by: Kate Wennerstrom/CENTRAL OREGONIAN - The paint chosen for the local Habitat for Humanity house is 100 percent recycled latex paint. While wanting to purchase products locally, coordinators chose this paint from MetroPaint of Portland because it is environmentally friendly and affordable at $20 to $44 per 5-gallon pail.

After more than a year since beginning construction, the local Habitat for Humanity house is ready for the finishing touches.
   "It's slow going because we're volunteers and everybody tries to do what they can on the weekends," Tim Dobson said, Crook County Habitat building coordinator. "It's just tough, but we're getting there. We've come a long way."
   Despite initial delays, the project has maintained a steady pace in the past six months with the generosity of volunteers. In addition, the building process has been assisted by the support of local businesses, a Ford Family Foundation grant and resourceful use of current Habitat mortgages.
   "Habitat built two homes several years ago and those families are buying those homes. Their mortgage money goes back into the building fund. You have to perpetuate funds somehow to keep going," Crook County Habitat Chapter President Elva Madden said. "We had a $25,000 Ford Family Foundation grant that also went into the house and some of the ReStore profits go into it. There have also been many other business and individual donations. Everyone has just really pulled together to try to build this house for this young family."
   Now that the bones of the house are up, the details of the home are ready to be added.
   "The interior has been Sheetrocked and textured. Last weekend we had a crew of volunteers to paint the interior the colors the family wanted," Dobson said. "We've got to get the flooring down and then we'll get the cabinets in. This weekend we're also going to get the interior paint touched up."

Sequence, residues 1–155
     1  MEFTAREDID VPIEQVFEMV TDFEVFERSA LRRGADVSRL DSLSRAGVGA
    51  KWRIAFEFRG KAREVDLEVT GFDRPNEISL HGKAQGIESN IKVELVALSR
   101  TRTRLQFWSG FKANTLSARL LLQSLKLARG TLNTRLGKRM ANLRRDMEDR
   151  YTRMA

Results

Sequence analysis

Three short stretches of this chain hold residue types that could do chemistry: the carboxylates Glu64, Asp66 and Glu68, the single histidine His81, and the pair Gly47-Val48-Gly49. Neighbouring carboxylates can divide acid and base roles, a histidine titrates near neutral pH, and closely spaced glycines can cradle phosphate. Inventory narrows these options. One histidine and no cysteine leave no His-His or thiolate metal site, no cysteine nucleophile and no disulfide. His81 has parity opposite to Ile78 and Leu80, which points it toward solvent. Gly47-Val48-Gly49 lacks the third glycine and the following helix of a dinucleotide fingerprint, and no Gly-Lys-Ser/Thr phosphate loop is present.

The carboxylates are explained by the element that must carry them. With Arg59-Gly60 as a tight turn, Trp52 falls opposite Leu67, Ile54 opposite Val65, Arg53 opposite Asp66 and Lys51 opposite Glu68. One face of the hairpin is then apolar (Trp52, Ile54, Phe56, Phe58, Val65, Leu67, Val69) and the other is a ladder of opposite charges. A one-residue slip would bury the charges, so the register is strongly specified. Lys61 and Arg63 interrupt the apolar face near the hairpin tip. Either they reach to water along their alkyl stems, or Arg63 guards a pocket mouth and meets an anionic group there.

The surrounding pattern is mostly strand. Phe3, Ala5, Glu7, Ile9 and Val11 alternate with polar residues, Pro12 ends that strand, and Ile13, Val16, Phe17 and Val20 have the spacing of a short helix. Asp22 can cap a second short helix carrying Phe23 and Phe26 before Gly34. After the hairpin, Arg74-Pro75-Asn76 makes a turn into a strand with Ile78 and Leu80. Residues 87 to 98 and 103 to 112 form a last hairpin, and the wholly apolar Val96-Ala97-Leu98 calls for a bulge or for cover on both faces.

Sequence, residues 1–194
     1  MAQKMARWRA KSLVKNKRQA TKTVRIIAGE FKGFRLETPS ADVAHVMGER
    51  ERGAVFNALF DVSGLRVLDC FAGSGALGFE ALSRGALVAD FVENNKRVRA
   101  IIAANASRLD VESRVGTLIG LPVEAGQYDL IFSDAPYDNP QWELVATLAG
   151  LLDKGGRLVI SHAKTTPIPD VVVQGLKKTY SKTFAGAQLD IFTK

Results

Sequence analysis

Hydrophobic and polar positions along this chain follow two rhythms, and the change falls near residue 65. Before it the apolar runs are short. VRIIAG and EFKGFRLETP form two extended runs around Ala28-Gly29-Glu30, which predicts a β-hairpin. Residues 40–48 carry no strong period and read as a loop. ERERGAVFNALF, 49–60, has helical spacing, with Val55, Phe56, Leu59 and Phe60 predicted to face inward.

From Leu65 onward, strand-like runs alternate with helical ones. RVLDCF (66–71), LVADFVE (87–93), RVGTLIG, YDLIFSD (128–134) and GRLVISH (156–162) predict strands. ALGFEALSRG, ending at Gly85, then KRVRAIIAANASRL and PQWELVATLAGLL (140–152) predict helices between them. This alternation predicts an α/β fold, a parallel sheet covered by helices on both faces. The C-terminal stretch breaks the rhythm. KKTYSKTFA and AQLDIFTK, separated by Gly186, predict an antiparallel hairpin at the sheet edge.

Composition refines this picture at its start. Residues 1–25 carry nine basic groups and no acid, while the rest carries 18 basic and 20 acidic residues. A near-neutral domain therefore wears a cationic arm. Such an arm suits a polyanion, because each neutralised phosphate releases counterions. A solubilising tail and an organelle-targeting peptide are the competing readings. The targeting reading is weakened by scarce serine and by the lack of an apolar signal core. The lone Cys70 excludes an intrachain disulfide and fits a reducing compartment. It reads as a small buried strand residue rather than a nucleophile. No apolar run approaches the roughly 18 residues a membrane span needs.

In addition to the finishing touches on the interior, the volunteers of the Habitat house are hoping to recruit more helpers for a painting party concentrating on the exterior of the home over the week of spring break.
   "Gerald Hill said he would take care of the exterior painting while I'm gone that week," Dobson continued. "He's trying to recruit some high school kids that were out for spring break and didn't have anything better to do."
   While products and time have been offered freely to complete the home, other donations have come in specifically for the volunteers.
   "Last weekend, for the interior painting, we probably had 12 to 15 volunteers painting," Dobson said. "Ericksons Thriftway donated some doughnuts for us. Starbucks donated coffee. McDonald's donated hamburgers. Pizza Hut donated pizza and Grocery Outlet donated water. It was great."
   In a relatively small town such as Prineville, the need for this home is felt throughout the community and the helping hands have not been deterred from the task.
   "There are a lot of people involved," Dobson added. "There are just a lot of people involved that aren't necessarily on the site, but they're still volunteering their time to get supplies and find people and what not."
   With many people available to help, the local Habitat coordinators are hoping to make this house the first of many homes built in the community.
   "When this one is completed, we agreed to build a house a year," Madden said. "That's the goal. If that is easy to reach and there's need, then we'll try for more. But it depends on how much support and how many volunteers we have."
   Volunteer your time
   If you would like to help on this Habitat for Humanity house, or for more information, call the Crook County Habitat office located at the ReStore at 447-8049 on Thursday, Fridays and Saturdays.
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